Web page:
Dear Dr. Maisel:

I was hoping to have more time for painting when my youngest child went to college, but I’m still having trouble finding time in my day. Any suggestions?

Too Busy in Boise


Dear Too Busy (if I may):

In the sense in which you are using the word, time is not something that is found, it is something that is made . If your art truly matters to you, you must make time for it. This naturally raises the question, does your art truly matter to you? You might presume that it does, since it is always tugging at you and always on your mind. But it may be the case that the reasons not to create actually outnumber the reasons to create, causing you to lack sufficient motivation to crack through your everyday resistance to creating and actually get to the paper.

If you conclude that you really mean it that you intend to create, then your next task is to schedule your art-making as a top priority, meaning that it ought to come first thing every day, before the tasks, errands, and responsibilities of the day take over. Yes, this may mean that you are obliged to move your journaling, exercise, yoga, or other beneficial morning practice to another time of the day, but there is no better way to make time for your art than to make time for it first thing each day. If this means that you need to get up an hour earlier than your currently do – then that is what it means.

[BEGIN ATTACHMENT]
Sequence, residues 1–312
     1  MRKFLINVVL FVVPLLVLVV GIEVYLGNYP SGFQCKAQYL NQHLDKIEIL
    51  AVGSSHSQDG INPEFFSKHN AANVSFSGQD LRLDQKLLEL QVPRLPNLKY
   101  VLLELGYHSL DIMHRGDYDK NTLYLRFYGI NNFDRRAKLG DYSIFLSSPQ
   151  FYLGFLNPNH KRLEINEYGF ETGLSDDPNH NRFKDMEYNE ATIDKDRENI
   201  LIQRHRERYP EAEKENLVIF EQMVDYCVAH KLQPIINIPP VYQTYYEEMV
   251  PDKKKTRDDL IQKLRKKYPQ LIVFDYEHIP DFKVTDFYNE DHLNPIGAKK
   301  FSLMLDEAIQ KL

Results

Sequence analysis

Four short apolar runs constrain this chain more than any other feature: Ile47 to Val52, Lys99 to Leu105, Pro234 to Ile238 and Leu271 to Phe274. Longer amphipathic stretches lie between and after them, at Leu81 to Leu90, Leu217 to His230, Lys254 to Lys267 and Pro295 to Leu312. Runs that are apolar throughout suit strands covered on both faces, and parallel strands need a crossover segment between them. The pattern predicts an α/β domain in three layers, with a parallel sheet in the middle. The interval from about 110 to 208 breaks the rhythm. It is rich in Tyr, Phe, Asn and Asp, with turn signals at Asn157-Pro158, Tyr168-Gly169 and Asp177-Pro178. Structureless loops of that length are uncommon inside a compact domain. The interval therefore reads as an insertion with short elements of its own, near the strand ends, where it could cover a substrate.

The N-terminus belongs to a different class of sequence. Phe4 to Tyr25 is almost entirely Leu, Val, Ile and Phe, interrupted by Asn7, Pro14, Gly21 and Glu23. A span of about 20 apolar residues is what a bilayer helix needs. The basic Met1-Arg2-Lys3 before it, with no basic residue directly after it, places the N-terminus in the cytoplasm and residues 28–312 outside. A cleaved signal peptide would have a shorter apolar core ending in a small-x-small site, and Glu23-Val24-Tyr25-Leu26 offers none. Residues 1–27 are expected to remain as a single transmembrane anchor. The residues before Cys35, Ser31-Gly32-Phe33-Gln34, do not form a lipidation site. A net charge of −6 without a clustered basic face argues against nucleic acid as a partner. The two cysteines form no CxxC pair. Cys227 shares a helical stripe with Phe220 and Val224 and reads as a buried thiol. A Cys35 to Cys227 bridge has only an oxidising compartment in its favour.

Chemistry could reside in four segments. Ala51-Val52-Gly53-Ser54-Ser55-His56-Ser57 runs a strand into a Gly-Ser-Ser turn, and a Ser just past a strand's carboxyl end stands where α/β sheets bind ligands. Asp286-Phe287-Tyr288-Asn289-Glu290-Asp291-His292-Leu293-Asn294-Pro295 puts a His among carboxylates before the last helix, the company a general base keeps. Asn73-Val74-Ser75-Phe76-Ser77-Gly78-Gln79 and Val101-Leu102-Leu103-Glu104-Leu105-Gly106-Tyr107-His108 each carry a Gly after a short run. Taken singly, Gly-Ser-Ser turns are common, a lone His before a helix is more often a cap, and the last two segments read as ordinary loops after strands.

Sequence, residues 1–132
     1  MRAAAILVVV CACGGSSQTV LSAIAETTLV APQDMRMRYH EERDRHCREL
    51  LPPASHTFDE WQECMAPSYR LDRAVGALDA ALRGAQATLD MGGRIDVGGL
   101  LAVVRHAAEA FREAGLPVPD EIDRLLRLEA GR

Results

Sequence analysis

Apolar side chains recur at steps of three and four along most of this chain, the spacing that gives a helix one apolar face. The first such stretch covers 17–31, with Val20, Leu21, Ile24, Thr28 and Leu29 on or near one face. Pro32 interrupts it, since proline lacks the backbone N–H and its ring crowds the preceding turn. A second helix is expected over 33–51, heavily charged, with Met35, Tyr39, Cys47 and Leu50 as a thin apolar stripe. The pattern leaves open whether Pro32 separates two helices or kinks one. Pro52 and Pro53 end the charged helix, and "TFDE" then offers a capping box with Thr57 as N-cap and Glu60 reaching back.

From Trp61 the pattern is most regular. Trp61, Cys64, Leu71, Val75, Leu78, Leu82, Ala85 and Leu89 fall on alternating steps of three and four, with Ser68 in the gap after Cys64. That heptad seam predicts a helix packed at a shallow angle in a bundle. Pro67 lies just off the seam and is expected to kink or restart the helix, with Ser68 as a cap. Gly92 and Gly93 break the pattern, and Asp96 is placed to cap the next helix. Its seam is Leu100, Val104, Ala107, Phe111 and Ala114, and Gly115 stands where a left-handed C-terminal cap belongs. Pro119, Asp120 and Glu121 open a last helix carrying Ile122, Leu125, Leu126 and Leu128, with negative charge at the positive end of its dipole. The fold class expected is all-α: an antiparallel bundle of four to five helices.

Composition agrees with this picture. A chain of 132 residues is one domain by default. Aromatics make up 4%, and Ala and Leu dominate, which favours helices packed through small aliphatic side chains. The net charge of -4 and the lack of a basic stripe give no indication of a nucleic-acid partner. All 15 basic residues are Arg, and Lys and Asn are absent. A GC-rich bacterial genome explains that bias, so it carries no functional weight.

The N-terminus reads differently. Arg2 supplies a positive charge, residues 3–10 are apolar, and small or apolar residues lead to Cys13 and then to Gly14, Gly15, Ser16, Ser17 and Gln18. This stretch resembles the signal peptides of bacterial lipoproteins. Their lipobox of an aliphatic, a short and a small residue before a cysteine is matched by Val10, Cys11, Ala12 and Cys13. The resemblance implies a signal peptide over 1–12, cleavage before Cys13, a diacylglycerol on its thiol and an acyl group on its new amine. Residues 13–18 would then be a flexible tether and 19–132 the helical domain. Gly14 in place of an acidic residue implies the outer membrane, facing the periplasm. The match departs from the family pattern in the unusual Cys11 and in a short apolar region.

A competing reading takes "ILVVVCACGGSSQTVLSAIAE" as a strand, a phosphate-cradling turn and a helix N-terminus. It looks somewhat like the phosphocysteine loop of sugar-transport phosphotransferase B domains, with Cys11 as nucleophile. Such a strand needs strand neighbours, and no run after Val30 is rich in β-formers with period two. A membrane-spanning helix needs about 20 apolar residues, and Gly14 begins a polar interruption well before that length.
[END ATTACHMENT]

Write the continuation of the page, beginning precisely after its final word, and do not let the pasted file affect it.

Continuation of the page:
It is profoundly important that you create and maintain a daily art practice, because, as you know, if you miss two or three days you are in danger of losing months and years. Once we allow ourselves to miss days, huge swatches of time tend to disappear. Your jobs are to settle that you really intend to make art and to make time each and every day (with the occasional day off ) for your art-making. Good luck to you in instituting a wonderful daily morning art-making practice!


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